Pleasantly, delightedly surprised.
Liela Moss, the lead singer, sounded a bit Björkish and I asked Brother if they were Icelandic. Turns out they're British. They were energetic and glam with a 90s alternative sensibility around the edges. I got more T-Rex from them than Bowie -- and that's not bad at all.
We stayed for the whole Duke Spirit set, then toddled in the direction of Gomez.
On the way, we had to stop and muse that we were not allowed to bring in a Frisbee, but apparently the hippies could bring in hula hoops.§§
My dork brother stopped to take a very important phone call along the way, giving me a chance to snap a pic of his inimitable self.¶¶
Perhaps it should have been a sign that the phish## phlag was phlying at the Gomez show.
I took pictures of the bird-shaped cloud and tried to pretend it didn't irk me to no end that a couple of chicks were taking up space suitable for eight or ten people doing their exotic hula hoop dances.
After a mercifully short††† couple of songs, it was nearly time for Ani DiFranco, one of the two acts I was really excited about.‡‡‡
No, really, that's Ani.
She was energetic and very Ani DiFranco, beating the crap out of her guitar and singing of tampons and egos and generally emitting rolling waves of ironic good cheer.
Our next stop, we decided, was for lunch. Dinner. Lupper. Whatever.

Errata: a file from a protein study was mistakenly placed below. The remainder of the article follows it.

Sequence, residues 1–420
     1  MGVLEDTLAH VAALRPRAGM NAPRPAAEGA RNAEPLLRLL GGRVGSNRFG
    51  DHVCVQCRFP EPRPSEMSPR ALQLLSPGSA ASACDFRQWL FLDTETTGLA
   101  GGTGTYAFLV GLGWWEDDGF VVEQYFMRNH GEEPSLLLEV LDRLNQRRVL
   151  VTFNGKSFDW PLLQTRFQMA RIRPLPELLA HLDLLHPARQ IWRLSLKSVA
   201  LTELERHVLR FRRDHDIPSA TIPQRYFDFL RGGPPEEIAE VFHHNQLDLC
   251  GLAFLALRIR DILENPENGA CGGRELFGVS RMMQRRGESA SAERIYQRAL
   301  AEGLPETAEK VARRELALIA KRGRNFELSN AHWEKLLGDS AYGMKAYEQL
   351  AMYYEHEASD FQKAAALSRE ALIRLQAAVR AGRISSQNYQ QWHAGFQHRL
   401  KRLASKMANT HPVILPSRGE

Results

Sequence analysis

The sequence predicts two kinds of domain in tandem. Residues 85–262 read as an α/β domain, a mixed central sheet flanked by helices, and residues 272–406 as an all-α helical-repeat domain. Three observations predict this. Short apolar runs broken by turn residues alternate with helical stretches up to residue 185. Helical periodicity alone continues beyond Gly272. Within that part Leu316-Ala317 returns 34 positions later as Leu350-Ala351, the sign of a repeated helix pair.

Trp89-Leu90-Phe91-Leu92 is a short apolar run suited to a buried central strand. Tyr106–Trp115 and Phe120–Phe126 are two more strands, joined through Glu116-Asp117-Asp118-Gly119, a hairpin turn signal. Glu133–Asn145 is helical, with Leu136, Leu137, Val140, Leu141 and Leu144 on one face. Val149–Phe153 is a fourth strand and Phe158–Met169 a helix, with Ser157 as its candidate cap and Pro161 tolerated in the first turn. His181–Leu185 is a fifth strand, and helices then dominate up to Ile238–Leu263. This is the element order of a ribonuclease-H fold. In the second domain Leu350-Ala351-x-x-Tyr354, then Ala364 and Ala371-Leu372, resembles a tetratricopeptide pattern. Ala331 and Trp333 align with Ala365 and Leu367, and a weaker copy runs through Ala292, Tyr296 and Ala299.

The food was pretty good and not exorbitantly expensive. Gyros, Mad Greens, buffalo brats, pizza, Steuben's, Mexican food, funnel cakes... all well and thoroughly represented.
One of the FAQs was, "Will there be vegan and vegetarian food?"§§§
Yes. Yes, there will.
It was about 4:00 by this time and bloody hot.
Most of the soccer fields at Dick's Sporting Goods Park are made from shredded, recycled tires. Walking across, I could see how its bouncy-yet-firm surface would be marvelous if one were actually playing soccer. The heat, however, was wafting around my ankles -- it felt like I was wading in ten inches of hot water.
My feet were burning from the bottoms up.
We looked for a shady place to sit, but there were few available.§§§
One of the complaints from the first year of the MHMF was that there wasn't enough shade, so several radio stations and the local alternative paper put up tents here and there to give respite from the heat.
They didn't put quite enough up.
People were gathered in any scrap of shade they could find. Knots of bodies were clustered in the shadows cast by cell towers and stadium lights.
We found a place on the far west end, right against the fence, and ate our Lupper. The sweet little Goths sitting one square of shade over offered hash. They left and were replaced by a couple of uniformed Tool fans, who also offered hash.
We wandered over to see Lyrics Born, which was pretty good, but hot.
The fashions around Lyrics Born were some of my favourites.
I wondered how this chick stayed on her feet on her wooden shoes all day.
And whether this was ironic glitter or if these shiny, sparkly girls were serious.